7 things to do in Seattle
Not content to merely wow audiences from Seattle to NYC with their lovely and lulling compositions, locally grown brass quartet The Westerlies are sharing their skills and the stage with a younger generation. Known for seamlessly sliding between jazz, avant-garde and Americana (there is never a wasted note in their tightly honed set), the quartet is inaugurating a four-day festival that includes workshops for musicians of all levels, community engagement events with the youngest of brass fans, and of course, concerts. Westerlies members (Riley Mulherkar and Chloe Rowlands on trumpet, Andy Clausen and Willem de Koch on trombone) will be joined by guests including eclectic vocalist Theo Bleckmann, singer/songwriter Kate Davis and young spoken word poets Troy Osaki (a triple Grand Slam winner) and Azura Tyabji (Seattle’s newest Youth Poet Laureate). If any event demanded a heralding trumpet, it’s this one. —B.D.
If you go: Westerlies Fest, Sept 20-23. Times, prices and venues vary.
Jerome Robbins Festival
Choreographer Jerome Robbins (1918-1998) was a titan of both ballet and the American musical and Pacific Northwest Ballet’s Jerome Robbins Festival will explore the full range of his career. Unusually for PNB, the fest offers two different programs to choose from during its nine-day run. Program A includes a PNB premiere, “Other Dances,” set to Chopin piano pieces, plus revivals of Robbins’ “Afternoon of a Faun,” “In the Night” and “West Side Story Suite.” Program B brings back “Dances at a Gathering” and the backstage-histrionics parody, “The Concert (or, The Perils of Everybody).” PNB director Peter Boal has a 22-year professional connection to the Robbins legacy, starting at age 10, with his appearance as Cupid in Robbins’ ballet of “Mother Goose.” In his program notes, Boal remarks, “The man is no less interesting than the choreographer. Through a series of lectures, panel discussions, writings, and a documentary, we look at how a somewhat tortured artist grappled with success, sexuality, doubt, and mistrust of his talent throughout his career. … We proudly celebrate the hits and masterpieces, while simultaneously examining the individual behind the art, warts and all.” —M.B.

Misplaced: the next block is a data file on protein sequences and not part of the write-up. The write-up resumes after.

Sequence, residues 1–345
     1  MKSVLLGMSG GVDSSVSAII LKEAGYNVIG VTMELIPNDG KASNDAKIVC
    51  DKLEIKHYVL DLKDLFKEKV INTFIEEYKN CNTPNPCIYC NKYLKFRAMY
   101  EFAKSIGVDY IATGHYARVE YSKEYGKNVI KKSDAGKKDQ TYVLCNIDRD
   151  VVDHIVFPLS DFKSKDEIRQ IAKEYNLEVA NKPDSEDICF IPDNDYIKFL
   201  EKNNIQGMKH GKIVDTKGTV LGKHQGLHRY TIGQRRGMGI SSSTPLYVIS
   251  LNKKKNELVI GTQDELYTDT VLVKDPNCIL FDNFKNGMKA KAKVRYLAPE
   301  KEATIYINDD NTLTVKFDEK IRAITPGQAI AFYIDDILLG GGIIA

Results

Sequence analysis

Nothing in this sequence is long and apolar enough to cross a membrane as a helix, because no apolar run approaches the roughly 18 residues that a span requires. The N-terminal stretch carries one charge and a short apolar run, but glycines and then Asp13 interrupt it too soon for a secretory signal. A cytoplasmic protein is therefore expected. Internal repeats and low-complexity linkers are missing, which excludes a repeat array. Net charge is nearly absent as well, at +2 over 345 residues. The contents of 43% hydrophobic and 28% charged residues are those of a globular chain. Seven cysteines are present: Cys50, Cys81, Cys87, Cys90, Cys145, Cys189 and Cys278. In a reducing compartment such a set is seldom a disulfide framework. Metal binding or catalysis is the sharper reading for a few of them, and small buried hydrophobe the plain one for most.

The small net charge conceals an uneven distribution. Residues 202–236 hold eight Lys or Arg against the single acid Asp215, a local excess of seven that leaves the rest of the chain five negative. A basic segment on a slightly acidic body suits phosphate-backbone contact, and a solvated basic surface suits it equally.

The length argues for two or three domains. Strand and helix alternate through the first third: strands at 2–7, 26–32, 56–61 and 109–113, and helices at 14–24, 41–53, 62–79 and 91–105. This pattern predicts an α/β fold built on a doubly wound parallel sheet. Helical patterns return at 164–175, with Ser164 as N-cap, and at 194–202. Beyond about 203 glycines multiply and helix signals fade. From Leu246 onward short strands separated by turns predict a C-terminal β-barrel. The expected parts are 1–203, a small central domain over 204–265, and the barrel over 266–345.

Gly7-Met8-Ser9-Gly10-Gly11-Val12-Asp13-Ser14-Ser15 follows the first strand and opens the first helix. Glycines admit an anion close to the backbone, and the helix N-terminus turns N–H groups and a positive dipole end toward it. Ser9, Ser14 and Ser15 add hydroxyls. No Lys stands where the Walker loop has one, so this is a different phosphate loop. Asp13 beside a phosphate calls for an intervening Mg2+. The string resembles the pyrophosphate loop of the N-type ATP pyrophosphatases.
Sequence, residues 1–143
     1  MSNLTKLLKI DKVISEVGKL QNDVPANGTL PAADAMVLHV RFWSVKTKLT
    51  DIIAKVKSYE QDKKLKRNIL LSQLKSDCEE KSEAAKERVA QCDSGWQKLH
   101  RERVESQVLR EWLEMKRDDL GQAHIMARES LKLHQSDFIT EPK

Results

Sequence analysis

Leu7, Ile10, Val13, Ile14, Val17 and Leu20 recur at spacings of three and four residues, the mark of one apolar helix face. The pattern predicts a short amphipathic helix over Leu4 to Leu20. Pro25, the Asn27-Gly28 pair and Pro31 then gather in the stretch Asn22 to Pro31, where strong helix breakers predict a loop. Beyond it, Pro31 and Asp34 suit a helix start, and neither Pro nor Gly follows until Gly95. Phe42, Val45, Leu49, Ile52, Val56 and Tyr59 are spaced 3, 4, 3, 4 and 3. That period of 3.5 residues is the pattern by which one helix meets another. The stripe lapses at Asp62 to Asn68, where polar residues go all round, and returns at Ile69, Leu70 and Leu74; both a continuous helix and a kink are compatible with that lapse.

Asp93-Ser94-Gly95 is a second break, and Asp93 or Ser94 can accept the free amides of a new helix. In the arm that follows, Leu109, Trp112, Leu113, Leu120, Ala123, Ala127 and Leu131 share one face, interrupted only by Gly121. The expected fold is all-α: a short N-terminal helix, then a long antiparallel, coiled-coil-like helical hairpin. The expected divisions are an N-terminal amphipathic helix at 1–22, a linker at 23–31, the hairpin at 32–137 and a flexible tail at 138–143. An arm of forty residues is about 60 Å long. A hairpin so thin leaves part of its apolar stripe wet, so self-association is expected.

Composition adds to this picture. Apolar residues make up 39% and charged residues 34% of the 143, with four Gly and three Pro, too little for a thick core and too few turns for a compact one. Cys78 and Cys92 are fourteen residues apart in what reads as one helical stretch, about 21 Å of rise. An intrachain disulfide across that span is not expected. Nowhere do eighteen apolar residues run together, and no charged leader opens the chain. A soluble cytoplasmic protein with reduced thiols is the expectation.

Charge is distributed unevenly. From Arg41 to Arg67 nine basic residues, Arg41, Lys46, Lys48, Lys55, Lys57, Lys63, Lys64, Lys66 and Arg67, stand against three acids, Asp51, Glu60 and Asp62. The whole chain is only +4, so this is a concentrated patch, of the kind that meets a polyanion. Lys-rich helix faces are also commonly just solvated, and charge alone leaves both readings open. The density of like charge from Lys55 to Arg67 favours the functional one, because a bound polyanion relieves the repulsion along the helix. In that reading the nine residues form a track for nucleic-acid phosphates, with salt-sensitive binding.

If you go: Pacific Northwest Ballet at McCaw Hall, Sept. 21-29, ($30-$189. 50% off one ticket when you attend both programs)
Local Sightings Film Festival